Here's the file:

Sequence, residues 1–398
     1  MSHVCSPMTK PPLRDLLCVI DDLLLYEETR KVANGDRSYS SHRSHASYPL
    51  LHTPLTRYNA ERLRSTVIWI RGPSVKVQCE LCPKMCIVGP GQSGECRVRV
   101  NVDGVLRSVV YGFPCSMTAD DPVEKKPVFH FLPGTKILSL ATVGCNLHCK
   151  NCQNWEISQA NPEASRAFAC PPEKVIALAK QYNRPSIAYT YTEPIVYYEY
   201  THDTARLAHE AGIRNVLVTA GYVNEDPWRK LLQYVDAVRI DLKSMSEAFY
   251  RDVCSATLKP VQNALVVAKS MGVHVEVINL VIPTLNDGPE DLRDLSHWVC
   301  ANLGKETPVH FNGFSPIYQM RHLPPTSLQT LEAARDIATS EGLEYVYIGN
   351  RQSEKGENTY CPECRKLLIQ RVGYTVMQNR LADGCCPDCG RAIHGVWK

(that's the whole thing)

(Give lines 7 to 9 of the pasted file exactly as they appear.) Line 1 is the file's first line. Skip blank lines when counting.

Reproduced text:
   251  RDVCSATLKP VQNALVVAKS MGVHVEVINL VIPTLNDGPE DLRDLSHWVC
   301  ANLGKETPVH FNGFSPIYQM RHLPPTSLQT LEAARDIATS EGLEYVYIGN
   351  RQSEKGENTY CPECRKLLIQ RVGYTVMQNR LADGCCPDCG RAIHGVWK